As part of efforts to reduce Jamaica’s burden of non-communicable diseases (NCDs), the Ministry of Health and Wellness is pursuing a new chronic care model that offers a departure from business as usual in local health care delivery.
The model advances, among other things, an extensive network of health facilities that offer health promotion; disease prevention, diagnosis, and treatment; as well as palliative care.
It also champions the delivery of specialised services at the most appropriate location, including in non-hospital settings; and against the background of care that is person-, family- and community-centred.
With the goal to improve access to safe, equitable care for NCDs – including the establishment of a comprehensive package of services for NCDs prevention and control – the model also functions as the framework for the implementation of the Ministry’s ongoing Health Systems Strengthening Programme (https://hssp.moh.gov.jm/).
That programme (#HSSPja) has the ‘organisation and consolidation of integrated health services networks’ and the ‘improvement of management, quality and efficiency of health services’ as its two principal components. It is also seeing the physical upgrade of three hospitals and 10 health facilities, and is projected to benefit some 800,000 people.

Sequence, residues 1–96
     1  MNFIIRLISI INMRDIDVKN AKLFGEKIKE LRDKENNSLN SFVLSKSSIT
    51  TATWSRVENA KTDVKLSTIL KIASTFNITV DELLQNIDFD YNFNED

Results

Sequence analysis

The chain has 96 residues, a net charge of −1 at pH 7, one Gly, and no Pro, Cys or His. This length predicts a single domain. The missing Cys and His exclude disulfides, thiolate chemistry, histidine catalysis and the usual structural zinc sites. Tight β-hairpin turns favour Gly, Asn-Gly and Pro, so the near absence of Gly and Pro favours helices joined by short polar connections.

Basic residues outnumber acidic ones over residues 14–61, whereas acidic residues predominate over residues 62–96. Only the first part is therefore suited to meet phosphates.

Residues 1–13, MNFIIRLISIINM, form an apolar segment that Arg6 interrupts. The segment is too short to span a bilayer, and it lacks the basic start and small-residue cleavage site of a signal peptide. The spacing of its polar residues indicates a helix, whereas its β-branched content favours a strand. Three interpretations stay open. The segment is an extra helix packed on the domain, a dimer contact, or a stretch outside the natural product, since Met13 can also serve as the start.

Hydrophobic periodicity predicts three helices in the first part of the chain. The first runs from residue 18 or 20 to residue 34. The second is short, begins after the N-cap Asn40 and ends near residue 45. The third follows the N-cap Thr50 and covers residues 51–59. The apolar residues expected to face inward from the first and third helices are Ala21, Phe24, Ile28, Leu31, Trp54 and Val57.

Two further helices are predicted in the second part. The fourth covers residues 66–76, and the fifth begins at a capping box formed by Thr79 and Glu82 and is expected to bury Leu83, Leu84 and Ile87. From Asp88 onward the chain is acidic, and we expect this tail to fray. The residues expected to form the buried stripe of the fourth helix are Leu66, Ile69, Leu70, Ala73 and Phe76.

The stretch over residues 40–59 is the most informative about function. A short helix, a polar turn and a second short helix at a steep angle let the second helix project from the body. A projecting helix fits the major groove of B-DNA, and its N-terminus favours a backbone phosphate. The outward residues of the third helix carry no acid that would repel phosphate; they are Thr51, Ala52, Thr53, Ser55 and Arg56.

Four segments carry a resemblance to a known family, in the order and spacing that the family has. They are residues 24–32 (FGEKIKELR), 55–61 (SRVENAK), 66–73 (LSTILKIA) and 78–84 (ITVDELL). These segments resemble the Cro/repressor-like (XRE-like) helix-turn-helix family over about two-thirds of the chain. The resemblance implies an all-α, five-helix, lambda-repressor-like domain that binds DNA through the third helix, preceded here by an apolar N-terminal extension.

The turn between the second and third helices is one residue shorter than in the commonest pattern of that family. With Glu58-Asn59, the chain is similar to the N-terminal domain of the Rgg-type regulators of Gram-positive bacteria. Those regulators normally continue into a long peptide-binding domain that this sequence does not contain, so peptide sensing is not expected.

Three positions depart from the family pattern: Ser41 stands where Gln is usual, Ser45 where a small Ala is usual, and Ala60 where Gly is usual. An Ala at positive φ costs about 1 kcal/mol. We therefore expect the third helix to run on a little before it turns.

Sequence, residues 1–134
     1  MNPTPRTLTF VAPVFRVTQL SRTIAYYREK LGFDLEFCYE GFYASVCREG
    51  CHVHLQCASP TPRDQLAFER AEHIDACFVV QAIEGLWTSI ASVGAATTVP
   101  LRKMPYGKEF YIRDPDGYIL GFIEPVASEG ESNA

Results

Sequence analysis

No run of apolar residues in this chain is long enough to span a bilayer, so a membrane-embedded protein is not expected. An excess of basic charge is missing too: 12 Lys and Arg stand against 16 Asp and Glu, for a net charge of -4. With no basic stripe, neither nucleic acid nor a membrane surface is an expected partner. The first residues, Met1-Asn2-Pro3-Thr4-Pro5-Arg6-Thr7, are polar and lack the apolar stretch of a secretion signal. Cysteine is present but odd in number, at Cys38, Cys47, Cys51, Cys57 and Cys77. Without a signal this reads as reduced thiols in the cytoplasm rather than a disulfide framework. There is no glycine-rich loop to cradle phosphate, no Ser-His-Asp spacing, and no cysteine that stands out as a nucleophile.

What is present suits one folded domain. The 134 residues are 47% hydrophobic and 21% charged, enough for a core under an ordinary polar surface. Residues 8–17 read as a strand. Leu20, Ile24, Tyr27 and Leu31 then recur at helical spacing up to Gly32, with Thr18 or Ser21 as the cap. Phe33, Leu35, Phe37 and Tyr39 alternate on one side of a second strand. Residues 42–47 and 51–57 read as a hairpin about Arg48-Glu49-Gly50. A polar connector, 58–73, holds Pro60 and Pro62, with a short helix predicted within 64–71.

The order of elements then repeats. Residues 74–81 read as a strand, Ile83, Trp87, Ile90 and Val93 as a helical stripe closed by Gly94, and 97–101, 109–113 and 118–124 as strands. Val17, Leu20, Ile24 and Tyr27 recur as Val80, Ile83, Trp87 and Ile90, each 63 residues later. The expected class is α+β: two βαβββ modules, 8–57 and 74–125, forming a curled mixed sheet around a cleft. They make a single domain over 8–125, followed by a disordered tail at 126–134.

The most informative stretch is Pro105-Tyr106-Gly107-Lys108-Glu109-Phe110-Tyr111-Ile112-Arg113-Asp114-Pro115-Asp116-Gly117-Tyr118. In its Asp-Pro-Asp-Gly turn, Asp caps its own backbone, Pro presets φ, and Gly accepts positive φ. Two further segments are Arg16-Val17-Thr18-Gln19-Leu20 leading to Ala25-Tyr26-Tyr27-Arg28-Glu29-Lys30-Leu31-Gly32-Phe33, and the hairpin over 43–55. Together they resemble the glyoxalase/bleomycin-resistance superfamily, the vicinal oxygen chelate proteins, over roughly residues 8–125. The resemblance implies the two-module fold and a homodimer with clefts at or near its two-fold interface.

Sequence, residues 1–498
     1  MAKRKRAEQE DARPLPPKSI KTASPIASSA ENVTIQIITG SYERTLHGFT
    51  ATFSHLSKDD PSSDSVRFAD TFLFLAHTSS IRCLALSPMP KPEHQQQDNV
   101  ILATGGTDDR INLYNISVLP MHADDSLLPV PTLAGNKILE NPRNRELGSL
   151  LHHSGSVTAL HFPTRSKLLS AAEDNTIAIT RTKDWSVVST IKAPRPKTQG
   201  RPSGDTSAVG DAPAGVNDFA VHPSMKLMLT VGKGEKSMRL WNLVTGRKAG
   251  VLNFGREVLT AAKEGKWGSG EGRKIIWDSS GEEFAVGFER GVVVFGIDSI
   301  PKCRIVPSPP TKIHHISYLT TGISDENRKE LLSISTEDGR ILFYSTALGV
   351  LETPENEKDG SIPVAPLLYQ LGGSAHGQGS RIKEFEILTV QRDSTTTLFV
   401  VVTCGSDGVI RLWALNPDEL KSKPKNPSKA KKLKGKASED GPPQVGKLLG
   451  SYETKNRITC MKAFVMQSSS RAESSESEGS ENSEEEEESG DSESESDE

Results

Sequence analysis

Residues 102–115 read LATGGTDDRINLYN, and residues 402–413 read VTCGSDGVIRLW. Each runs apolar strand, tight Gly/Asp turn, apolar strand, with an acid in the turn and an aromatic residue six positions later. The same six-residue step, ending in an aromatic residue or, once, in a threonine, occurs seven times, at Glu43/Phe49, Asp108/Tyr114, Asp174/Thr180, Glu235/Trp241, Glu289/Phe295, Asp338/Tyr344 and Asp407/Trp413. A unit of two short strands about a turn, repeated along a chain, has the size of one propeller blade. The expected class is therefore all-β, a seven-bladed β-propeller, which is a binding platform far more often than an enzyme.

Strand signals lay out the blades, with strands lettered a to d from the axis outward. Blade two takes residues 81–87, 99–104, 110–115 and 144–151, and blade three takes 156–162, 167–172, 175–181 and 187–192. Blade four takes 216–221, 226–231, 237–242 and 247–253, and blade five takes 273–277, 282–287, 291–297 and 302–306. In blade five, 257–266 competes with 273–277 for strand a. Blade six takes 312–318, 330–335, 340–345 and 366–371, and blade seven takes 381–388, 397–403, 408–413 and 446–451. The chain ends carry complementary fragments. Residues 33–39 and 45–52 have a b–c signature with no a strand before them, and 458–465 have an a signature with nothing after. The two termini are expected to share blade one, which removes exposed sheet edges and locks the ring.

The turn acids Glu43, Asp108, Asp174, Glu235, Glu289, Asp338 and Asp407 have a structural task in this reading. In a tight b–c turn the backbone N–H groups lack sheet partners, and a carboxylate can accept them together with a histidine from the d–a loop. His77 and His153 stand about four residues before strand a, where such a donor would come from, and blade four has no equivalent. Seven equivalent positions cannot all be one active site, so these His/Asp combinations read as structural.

In addition, it is seeing the introduction and implementation of an information systems for health – including remote patient monitoring, e-prescription and electronic health record – designed to yield benefits, including collaborative care and cost control.
Financed through the Inter-American Development Bank, the programme is tackling badly needed physical upgrades at three hospitals, including Spanish Town, St. Ann’s Bay and May Pen; and 10 health centres. The health centres are Greater Portmore, Old Harbour, St. Jago Park, St. Ann’s Bay, Brown’s Town, Ocho Rios, May Pen East, May Pen West, Mocho, and Chapelton.
The Health Systems Strengthening Programme is also seeing the purchase of new equipment to support the delivery of care to enable the best possible health outcomes for individuals using the public health system.
The scale of the NCDs challenge facing the island is reflected in data from the Jamaica Health and Lifestyle Survey 2016/2017. It includes that one in three Jamaicans 15 years and older has hypertension; one in eight has diabetes and one in two is overweight/obese – a modifiable risk factor for NCDs.
Further, four of every 10 Jamaicans with diabetes and four of every 10 with hypertension are unaware of their status. Beyond that, 70.2% (63.3% male, 73.2% females) of Jamaicans 15 years and older with hypertension are on treatment. Of those on treatment, only 31% (26% males, 33.1% females) are controlled.
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